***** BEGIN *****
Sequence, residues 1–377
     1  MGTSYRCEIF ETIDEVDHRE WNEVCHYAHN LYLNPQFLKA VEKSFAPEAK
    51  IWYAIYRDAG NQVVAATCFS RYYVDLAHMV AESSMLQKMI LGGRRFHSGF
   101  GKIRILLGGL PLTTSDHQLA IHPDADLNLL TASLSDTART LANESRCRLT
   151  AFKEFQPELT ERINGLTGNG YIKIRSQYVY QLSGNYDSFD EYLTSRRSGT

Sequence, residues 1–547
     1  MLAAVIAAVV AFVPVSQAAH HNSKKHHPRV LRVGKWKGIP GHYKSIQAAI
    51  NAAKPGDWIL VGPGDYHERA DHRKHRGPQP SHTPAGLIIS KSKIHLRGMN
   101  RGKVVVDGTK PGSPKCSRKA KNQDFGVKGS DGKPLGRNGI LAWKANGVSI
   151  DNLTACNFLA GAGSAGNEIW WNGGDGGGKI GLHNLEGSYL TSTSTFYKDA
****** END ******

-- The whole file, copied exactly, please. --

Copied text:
Sequence, residues 1–377
     1  MGTSYRCEIF ETIDEVDHRE WNEVCHYAHN LYLNPQFLKA VEKSFAPEAK
    51  IWYAIYRDAG NQVVAATCFS RYYVDLAHMV AESSMLQKMI LGGRRFHSGF
   101  GKIRILLGGL PLTTSDHQLA IHPDADLNLL TASLSDTART LANESRCRLT
   151  AFKEFQPELT ERINGLTGNG YIKIRSQYVY QLSGNYDSFD EYLTSRRSGT

Sequence, residues 1–547
     1  MLAAVIAAVV AFVPVSQAAH HNSKKHHPRV LRVGKWKGIP GHYKSIQAAI
    51  NAAKPGDWIL VGPGDYHERA DHRKHRGPQP SHTPAGLIIS KSKIHLRGMN
   101  RGKVVVDGTK PGSPKCSRKA KNQDFGVKGS DGKPLGRNGI LAWKANGVSI
   151  DNLTACNFLA GAGSAGNEIW WNGGDGGGKI GLHNLEGSYL TSTSTFYKDA